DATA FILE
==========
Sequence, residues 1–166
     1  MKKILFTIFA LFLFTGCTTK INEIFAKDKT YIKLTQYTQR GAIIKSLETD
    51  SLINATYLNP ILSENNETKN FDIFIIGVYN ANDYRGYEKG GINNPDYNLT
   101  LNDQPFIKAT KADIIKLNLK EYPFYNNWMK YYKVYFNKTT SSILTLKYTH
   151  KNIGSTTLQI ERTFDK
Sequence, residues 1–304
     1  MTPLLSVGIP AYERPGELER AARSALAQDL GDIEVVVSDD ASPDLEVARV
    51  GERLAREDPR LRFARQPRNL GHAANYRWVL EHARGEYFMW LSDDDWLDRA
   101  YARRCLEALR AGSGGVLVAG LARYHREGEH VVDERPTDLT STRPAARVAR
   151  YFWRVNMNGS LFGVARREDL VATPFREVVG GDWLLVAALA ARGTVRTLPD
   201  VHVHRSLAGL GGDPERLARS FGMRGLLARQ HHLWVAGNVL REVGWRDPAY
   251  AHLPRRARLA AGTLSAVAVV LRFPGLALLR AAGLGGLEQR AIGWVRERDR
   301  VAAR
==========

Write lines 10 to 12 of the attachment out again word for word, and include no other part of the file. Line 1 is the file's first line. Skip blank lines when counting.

   151  YFWRVNMNGS LFGVARREDL VATPFREVVG GDWLLVAALA ARGTVRTLPD
   201  VHVHRSLAGL GGDPERLARS FGMRGLLARQ HHLWVAGNVL REVGWRDPAY
   251  AHLPRRARLA AGTLSAVAVV LRFPGLALLR AAGLGGLEQR AIGWVRERDR